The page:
So, you’re considering selling your business. Whether it’s to pursue new opportunities or to get out while you can, you need to start thinking about your business from a valuation standpoint. Even if you don’t intend to sell your business in the near future, building a business to be saleable is a sound strategy. So what is your business worth?
When it’s time to leave
How do you know when it’s time to leave? If you’re experiencing these signs, you should strongly consider creating an exit strategy for your business:
Sick and tired… Literally. Entrepreneurs by nature are constantly looking for new opportunities. As a result, business owners often feel tired, fatigued, and overwhelmed by the business. Imagine constantly building your business for 25 years… it never ends, and it gets exhausting! The natural reaction is to look elsewhere, but before you start searching for the next big thing, you have to take care of your current business first. After all, it is your creation.
Decline in company revenues. A decline in revenues is never a good sign for a company. Let’s say that you’ve been trying new methods for years now, but revenues continue to decrease. Even zero growth is a red flag that you should take action.
Keep in mind, some business owners make their decisions based on this one reason, and some make a move based on a multitude of decisions built up over time.
The market for your business is declining. I used to work with someone that owned a small business before the attack on the twin towers. He flew in nurses internationally to work in his medical business, which provided him steady cash flow and a healthy bottom-line. The demand was also constant… until the terrorist attacks on 9/11. From that moment, it was more difficult to operate a business that relied upon flying in workers from other countries. The delay of bringing in nurses wreaked havoc on his business. Because of this difficulty, he decided to create an exit strategy.
When market changes are out of your control, the best thing to do is prepare. Getting your exit strategy ready before market changes force your hand is better than waiting for it to crash.
Sometimes, it does get ugly. Facebook is a great example. If you’ve ever seen “The Social Network,” you’ll probably recognize this story. Mark Zuckerberg and former business partner/investor Eduardo Saverin started Facebook together, but when Saverin displayed breach of fiduciary duties, Zuckerberg diluted Saverin’s stake in Facebook. This ended with Zuckerberg’s majority ownership and Saverin’s minimal-to-nothing ownership.
How would this relate to your business relationships? When starting a business, you want to choose a partner that will be able to carry out responsibilities completely. You also should flesh out your contracts, terms, and exit strategy.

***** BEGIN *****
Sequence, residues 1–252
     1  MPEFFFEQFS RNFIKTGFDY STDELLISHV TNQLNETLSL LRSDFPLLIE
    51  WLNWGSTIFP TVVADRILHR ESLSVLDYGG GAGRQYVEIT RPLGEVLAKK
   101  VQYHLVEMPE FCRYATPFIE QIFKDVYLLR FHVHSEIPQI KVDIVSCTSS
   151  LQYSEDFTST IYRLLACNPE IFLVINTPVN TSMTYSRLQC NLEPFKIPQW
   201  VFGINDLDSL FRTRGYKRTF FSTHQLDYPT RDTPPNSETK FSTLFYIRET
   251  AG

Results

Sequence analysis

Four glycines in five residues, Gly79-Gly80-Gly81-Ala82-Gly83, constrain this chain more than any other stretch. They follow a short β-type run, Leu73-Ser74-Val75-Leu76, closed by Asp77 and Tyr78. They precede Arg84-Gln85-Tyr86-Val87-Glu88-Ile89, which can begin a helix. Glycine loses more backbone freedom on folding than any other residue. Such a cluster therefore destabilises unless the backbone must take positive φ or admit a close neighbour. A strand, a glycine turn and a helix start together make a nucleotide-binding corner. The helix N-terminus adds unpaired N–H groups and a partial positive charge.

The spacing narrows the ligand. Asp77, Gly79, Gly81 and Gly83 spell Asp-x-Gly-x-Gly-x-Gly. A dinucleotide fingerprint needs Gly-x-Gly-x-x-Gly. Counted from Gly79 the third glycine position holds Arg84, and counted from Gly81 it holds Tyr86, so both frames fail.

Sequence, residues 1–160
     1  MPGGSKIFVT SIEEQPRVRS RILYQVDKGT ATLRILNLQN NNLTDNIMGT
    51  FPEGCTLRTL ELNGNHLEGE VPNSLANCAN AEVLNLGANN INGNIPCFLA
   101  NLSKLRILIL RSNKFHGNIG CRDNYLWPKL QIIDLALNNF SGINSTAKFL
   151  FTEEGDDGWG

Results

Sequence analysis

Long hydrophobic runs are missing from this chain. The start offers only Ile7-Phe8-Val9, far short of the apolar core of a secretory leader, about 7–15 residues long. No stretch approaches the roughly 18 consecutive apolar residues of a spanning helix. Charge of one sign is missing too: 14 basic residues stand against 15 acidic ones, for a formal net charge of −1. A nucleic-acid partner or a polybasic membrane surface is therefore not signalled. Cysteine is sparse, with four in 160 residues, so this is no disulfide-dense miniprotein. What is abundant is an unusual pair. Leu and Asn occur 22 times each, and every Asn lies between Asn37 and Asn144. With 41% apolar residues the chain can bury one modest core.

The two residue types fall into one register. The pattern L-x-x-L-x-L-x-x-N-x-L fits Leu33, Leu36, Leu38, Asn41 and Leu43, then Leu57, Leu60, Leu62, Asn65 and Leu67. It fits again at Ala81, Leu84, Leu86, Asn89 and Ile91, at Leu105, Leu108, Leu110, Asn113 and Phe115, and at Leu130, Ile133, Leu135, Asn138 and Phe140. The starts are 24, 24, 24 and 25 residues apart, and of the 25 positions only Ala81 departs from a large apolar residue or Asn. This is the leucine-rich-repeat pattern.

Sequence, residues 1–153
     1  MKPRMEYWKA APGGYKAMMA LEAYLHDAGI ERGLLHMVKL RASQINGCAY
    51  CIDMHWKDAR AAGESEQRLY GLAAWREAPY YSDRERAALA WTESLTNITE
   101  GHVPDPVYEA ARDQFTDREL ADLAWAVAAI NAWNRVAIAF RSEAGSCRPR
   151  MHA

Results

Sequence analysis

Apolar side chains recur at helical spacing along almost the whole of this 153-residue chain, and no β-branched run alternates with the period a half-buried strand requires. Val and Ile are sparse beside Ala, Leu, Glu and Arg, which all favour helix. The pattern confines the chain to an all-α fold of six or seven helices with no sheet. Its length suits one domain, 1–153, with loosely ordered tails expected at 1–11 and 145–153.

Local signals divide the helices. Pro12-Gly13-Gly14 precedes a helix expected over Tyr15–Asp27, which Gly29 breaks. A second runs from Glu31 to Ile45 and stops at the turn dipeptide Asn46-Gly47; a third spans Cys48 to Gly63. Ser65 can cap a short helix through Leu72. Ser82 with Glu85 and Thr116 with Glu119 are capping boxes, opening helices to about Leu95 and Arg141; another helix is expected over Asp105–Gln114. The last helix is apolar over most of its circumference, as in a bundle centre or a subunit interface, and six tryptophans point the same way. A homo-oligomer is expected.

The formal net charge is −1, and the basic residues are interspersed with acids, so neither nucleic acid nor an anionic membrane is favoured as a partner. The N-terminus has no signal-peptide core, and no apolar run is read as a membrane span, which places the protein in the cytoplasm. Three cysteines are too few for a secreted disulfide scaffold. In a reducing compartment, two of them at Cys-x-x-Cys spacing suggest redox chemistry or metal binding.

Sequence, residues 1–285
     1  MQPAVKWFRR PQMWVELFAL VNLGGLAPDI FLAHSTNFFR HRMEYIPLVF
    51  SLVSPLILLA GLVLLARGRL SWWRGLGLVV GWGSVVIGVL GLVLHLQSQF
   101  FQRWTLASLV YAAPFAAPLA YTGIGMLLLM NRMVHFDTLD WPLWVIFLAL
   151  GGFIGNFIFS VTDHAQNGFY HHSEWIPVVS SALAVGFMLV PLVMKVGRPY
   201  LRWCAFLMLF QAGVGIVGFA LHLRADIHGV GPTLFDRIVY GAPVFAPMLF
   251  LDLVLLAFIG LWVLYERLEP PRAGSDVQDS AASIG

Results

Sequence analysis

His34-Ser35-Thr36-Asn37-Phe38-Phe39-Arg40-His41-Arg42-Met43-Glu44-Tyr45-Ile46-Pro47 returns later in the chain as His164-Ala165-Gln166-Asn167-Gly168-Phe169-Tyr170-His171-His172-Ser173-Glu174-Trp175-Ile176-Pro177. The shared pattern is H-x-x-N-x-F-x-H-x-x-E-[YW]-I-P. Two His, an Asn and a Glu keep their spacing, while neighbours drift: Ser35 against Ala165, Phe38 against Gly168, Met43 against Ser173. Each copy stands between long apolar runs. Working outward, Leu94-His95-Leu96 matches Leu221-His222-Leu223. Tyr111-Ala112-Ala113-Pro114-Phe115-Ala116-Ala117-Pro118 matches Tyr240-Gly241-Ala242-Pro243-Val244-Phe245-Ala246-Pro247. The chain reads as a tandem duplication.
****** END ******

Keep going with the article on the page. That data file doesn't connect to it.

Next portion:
“Life is like a box of chocolates; you never know what you’re gonna get.” Things happen in life, like getting married, divorced, sick, and busy. What are your priorities as a person – what do you value most? Is a business more important than your family, or vice versa?
Assessing valuation methods
This method, as the name indicates, calculates total asset value minus total liabilities. This method is criticized, however, for its ambiguity in valuing assets. The assets may not have been recorded on the balance sheet, or may be unique or custom products that are difficult to value.
The method is best used when focusing on real estate or other similar investments.
EBITDA Valuation Multiple
This is the most popular method, and usually references the market in relation to your business. Businesses typically sell for 3X-5X EBITDA, but this can vary widely depending upon the type of business and the buyer. The ratios are calculated by taking the market value of a business, and dividing it by EBITDA.
According to ValuAdder, EBITDA valuation multiple removes the following when you value your business:
- Business taxes
- Effect of capital structure used to finance business operations
- Cost recovery of the investment in fixed business assets
Who should you give the valuation to?
- Potential Buyers. Calculating a business valuation before selling your company is crucial if you want to negotiate prices. Let’s be honest – they’re most likely not going to buy it from you unless it’s a good deal. You might even convince them why you chose to value your business the way you did.
- New investors. Business valuation doesn’t always happen when you want to exit your company. Ironically, you value a business when growing a business, too. When pitching to new investors such as venture capitalists or angel investors, they want to know how much the business is worth before investing in it.
Investors or buyers calculate the value business based on more than just numbers. You might be selling to a current employee, someone well-versed in the industry, or a friend. There are many reasons a business owner might sell the business – relationships, cash flow, new opportunities. Both the buyer’s and seller’s motivation will affect the price of a business, so it’s important to consider all of the angles and ensure that the method of valuation you choose accurately assesses the value of your business.
Want to know some of the things that may be hurting the value of your business? Check out our whitepaper Top Ten Destroyers of Value to see where you might be leaving money on the table.
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